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How To Buy the Right SSD For Your PC In 2024

We cover factors including budget, performance, and form factor to help you find the perfect SSD for your PC.

Over the years, SSDs have become the go-to storage devices for most PC enthusiasts. Being an improvement to traditional HDDs, they come equipped with an arsenal of perks that place them leagues above hard drives. However, the wide range of options has made purchasing a suitable SSD nothing short of a challenge. Figuring out your budget and the SSD requirements is essential to buy the right SSD for your PC.

Key Takeaways

  • Begin with setting a budget that will determine the specifications of your SSD.
  • Understand what kind of workloads you are dealing with and the amount of storage you require.
  • Remember to check if the chosen SSD is compatible with your PC.

Budget Consideration

SSDs are approximately twice as expensive as HDDs with the same storage capacity. Faster SSD variants, like NVMe, can cost up to three times as much as standard SSDs. When considering AIC (Add-In Cards) SSDs, prices increase significantly, making them less budget-friendly for the average user.

Several factors contribute to the higher price of SSDs, including opting for higher storage capacities, with a 512GB SSD costing roughly twice as much as a 256GB version of the same model. 

Transitioning from PCIe 3.0 to PCIe 4.0 NVMe drives also leads to a notable price increase, justified by the performance improvement offered by PCIe 4.0, which offers faster speeds than their older counterparts. 

Therefore, analyze your PC needs and determine the type of SSD that would fit the best. Once decided, create an estimated budget.

Use Case Scenario  

The next aspect to decide on is the purpose of your SSD. Consider the main thing you need the SSD for, like gaming, work, or content creation. It will help you narrow down the options.

Gaming

SSDs do not have a direct impact on the game’s performance. Since the graphics card will do most of the heavy lifting, SSDs will only reduce overall load times. This, in turn, results in a much smoother experience due to faster texture load times. Check out the 6 best SSDs for gaming tested by our reviewers.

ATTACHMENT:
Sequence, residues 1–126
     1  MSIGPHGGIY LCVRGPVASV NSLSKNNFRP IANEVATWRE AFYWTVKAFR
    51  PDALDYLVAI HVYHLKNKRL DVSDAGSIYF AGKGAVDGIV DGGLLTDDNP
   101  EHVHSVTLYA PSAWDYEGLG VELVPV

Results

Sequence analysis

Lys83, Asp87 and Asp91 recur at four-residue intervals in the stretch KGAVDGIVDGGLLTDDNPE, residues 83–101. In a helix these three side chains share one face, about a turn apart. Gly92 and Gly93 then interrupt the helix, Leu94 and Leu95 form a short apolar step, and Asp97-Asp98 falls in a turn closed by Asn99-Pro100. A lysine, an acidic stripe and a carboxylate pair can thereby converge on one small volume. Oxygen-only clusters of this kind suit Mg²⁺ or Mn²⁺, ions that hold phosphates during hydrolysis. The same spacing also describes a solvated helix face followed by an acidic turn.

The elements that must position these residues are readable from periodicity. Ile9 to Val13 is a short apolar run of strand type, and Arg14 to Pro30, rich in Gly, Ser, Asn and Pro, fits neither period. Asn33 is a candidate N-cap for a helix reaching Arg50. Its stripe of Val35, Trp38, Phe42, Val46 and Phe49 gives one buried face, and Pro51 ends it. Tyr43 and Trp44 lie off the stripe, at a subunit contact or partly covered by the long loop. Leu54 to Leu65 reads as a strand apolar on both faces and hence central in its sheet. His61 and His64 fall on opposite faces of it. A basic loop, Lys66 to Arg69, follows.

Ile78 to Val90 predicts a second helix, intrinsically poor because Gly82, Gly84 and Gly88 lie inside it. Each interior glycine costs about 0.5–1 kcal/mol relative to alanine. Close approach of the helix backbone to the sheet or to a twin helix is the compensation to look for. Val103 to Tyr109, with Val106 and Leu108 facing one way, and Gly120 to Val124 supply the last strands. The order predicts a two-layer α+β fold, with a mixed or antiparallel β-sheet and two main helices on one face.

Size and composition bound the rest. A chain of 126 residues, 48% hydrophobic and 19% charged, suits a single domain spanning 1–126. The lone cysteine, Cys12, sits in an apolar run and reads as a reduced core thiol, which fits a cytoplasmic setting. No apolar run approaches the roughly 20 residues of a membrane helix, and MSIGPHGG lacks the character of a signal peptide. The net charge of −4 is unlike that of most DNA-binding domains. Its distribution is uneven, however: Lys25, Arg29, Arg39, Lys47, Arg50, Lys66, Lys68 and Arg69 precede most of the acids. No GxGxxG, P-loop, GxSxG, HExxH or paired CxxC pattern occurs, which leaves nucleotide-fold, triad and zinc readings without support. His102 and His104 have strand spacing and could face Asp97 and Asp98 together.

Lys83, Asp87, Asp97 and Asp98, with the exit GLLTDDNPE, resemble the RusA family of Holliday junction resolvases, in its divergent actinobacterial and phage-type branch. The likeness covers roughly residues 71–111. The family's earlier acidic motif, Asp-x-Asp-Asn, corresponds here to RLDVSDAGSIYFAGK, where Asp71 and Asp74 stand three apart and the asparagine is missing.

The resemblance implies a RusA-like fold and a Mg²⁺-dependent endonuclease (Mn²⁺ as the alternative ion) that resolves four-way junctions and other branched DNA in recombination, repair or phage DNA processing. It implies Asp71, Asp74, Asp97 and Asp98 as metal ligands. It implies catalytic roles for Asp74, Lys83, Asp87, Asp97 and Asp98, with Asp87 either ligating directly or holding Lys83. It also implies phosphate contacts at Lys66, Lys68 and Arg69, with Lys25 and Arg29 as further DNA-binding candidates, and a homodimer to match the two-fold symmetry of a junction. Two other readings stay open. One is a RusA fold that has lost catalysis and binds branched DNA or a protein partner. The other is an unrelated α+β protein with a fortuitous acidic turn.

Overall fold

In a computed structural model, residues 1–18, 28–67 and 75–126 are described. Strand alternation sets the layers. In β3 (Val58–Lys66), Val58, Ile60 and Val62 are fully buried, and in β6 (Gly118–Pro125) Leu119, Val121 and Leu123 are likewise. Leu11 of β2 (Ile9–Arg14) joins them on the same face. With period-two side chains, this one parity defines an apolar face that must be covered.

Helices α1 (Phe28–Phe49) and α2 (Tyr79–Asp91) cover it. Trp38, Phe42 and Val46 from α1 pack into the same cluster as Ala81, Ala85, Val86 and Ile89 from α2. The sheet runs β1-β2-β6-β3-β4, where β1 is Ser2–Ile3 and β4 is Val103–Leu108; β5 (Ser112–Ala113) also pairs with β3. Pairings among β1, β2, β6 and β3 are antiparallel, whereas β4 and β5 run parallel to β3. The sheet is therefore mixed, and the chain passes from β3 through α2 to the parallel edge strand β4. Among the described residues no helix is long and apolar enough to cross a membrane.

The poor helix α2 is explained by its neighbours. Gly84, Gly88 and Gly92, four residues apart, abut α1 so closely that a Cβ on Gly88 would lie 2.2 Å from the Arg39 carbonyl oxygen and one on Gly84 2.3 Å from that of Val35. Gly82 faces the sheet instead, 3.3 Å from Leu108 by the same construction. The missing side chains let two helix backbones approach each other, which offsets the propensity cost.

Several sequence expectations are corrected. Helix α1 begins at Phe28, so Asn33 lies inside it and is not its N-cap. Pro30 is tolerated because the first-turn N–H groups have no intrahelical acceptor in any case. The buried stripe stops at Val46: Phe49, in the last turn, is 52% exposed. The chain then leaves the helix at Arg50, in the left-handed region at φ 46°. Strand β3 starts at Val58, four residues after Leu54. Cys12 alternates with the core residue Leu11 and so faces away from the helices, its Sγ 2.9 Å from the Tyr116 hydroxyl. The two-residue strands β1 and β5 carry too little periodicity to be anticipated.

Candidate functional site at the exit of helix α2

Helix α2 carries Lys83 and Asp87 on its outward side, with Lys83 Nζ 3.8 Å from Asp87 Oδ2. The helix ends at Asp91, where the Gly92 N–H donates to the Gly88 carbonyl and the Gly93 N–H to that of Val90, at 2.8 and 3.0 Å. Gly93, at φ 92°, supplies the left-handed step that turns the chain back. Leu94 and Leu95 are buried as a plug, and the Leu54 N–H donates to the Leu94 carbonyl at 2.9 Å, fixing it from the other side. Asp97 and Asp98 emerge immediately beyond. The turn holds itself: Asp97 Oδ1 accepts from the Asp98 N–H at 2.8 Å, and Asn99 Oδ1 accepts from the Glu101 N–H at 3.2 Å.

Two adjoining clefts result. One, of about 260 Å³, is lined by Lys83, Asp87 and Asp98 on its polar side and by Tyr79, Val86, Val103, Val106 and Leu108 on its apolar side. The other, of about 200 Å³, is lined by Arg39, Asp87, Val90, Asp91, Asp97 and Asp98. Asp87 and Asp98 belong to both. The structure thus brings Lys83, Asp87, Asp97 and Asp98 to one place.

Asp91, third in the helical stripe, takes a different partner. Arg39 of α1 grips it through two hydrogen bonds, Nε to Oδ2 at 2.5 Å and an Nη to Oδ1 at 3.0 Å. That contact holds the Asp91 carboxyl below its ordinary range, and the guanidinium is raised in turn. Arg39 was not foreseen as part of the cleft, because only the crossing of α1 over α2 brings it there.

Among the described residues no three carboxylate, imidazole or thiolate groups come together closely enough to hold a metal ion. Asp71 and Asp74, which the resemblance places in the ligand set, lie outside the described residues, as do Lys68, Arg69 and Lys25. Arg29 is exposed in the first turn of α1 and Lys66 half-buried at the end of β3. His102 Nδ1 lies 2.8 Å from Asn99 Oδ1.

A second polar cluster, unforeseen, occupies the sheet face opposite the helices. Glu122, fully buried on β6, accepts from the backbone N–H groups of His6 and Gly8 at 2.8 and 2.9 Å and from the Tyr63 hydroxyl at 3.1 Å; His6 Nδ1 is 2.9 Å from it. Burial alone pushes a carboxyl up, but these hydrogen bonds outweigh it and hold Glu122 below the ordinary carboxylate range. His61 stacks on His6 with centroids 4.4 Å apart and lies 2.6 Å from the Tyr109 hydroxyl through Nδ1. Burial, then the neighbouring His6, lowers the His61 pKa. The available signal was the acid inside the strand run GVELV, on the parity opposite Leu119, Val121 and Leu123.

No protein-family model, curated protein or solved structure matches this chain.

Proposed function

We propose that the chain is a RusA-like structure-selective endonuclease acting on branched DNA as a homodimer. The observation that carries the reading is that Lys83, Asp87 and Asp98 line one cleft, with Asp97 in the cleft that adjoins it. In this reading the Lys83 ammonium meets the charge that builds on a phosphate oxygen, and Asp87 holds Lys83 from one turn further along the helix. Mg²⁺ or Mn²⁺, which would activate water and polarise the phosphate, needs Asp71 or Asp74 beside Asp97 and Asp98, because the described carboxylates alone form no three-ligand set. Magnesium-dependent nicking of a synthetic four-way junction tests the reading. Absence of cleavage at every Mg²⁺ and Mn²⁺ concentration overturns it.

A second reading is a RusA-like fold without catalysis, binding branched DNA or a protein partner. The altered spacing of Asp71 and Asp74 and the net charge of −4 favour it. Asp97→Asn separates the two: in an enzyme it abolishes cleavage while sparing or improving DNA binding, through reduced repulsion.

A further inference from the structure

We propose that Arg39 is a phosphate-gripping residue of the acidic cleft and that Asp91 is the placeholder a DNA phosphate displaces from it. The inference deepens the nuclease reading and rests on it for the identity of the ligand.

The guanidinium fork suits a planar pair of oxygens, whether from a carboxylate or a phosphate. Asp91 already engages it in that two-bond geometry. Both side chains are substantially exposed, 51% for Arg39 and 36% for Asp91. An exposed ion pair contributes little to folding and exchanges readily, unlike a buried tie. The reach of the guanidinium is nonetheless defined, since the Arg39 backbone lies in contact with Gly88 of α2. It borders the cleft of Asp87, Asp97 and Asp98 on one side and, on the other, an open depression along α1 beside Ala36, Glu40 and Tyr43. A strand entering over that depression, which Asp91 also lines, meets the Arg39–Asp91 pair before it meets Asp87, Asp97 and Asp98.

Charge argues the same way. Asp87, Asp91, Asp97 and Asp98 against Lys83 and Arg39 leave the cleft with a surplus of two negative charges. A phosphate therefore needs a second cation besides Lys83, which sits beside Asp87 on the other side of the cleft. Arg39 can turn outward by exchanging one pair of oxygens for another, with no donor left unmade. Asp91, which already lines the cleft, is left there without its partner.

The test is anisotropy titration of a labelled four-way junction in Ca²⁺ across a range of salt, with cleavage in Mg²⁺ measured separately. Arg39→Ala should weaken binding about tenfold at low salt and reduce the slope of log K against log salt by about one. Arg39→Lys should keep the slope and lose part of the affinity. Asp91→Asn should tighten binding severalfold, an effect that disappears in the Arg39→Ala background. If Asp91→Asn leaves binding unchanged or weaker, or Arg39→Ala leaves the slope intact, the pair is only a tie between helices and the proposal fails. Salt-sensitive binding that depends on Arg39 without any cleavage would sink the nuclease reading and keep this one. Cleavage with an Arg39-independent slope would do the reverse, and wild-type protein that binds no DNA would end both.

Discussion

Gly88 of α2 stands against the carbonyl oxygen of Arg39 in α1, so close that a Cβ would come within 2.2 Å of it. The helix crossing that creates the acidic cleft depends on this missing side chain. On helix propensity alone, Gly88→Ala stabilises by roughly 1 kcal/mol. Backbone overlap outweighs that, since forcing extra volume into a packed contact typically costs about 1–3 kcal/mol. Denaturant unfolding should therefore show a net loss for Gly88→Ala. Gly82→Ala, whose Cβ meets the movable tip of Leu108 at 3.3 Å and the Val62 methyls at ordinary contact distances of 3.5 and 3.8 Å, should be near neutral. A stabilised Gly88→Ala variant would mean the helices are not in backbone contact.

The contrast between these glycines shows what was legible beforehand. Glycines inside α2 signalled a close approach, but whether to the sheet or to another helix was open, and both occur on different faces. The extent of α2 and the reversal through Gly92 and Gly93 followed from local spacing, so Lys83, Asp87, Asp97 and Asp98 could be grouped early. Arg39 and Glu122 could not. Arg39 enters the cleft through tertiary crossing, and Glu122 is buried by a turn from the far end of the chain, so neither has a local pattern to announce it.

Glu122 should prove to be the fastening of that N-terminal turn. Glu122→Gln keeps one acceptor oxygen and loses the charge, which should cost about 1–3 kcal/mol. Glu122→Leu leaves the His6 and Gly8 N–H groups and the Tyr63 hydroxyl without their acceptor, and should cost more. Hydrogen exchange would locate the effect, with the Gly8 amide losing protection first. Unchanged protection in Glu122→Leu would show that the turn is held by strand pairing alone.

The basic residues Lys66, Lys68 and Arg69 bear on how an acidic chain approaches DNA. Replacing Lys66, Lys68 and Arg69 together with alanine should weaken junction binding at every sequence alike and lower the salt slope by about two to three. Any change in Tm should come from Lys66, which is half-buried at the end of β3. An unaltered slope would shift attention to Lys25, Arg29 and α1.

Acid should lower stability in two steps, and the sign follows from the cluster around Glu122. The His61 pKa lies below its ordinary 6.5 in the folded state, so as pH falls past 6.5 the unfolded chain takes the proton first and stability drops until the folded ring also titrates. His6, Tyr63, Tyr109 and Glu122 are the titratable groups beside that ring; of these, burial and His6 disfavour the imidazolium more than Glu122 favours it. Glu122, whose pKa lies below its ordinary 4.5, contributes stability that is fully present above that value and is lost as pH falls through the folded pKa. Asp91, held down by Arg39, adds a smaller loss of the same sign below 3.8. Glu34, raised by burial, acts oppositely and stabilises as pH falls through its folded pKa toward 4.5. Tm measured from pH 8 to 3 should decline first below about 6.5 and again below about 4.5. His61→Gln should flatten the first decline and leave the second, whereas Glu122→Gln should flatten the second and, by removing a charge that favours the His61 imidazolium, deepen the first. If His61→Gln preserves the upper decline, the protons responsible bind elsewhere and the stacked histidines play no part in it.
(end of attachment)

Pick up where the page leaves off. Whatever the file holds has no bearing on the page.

WARNING: While SSDs are fast and reliable, they can fail without warning. Regularly back up your data to avoid potential loss.

Content Creation

Another area that demands a rising need for SSDs is content creation, with software like Premiere and Photoshop greatly benefiting from enhanced data transfer speeds, allowing them to render content much more effectively.

Office Work

As far as client PCs are concerned, SSDs allow for efficient data handling in offices as well, as long as the central server and backups are stored in hard drives. Similarly, U.2 SSDs, specifically designed to cater to office and server workloads, have also increased in popularity. 

Type of SSDs

As with most accessories, SSDs come in various forms designed to accommodate a wide variety of users. Find out which type works best in your case.

SATA SSDs

Serial Advanced Technology Attachment (SATA) SSDs are the slowest and older type of SSD technology, with a maximum data transfer rate of 600 MB/s. They are known for their affordability and are commonly found in consumer, commercial, and domestic settings.

M.2 SSDs

M.2 SATA SSDs drastically amp the data transfer rate up to 6 GBps. Due to their smaller stature, they were the go-to mode of storage for laptops until recent years.

WD-Black-SN850-M.2-SSD
WD Black SN850 M.2 (Image By Tech4Gamers)

NVMe M.2 SSDs further replaced the older SATA standard, boasting higher speeds, with a data transfer rate of 958 MB/s. At around 32 GBps, NVMe SSDs are used in most everyday laptops and prebuilt desktop systems. However, use these fixes if it is not showing up on your Windows despite the correct installation.

AIC SSDs

Add-In Card (AIC) SSDs are similar to the NVMe above M.2 SSDs. The only difference between the two is that the AIC does not need an additional M.2 connector to connect to a motherboard. Instead, it uses a PCIe slot, allowing it to connect to older generations of computers. 

Given their much larger size, you also lose the portability that comes with the slim design of regular M.2 SSDs.

Note: You should have a free PCIe slot to accommodate these SSDs.

What Kind Of SSD Does Your PC Support?

Since all motherboards have a SATA port regardless of age, you can equip your build with SATA SSDs without hassle.

Installing an SSD (Image By Tech4Gamers)

M.2 SSDs, on the other hand, require an M.2 connector and will not work unless your motherboard has an M.2 port, whether M.2 SATA or NVMe. Fortunately, most modern motherboards incorporate this feature.

Important: Ensure that your selected M.2 SSD is compatible with the expansion slots in your motherboard. 

Shifting towards AICs, these SSDs support your motherboard as long as you have a PCIe slot, which is found in most motherboards nowadays. 

MSI MPG Z790 Carbon Max WiFi PCIe Slots
MSI MPG Z790 Carbon Max WiFi PCIe Slots (Image By Tech4Gamers)

How Much Storage Capacity Do You Need?

To run a system for domestic use with the Windows operating system, a few applications, and a decent amount of storage, 256GB of storage capacity is more than adequate. However, add anything to that, and you’ll find the need to crank it up to 512GB.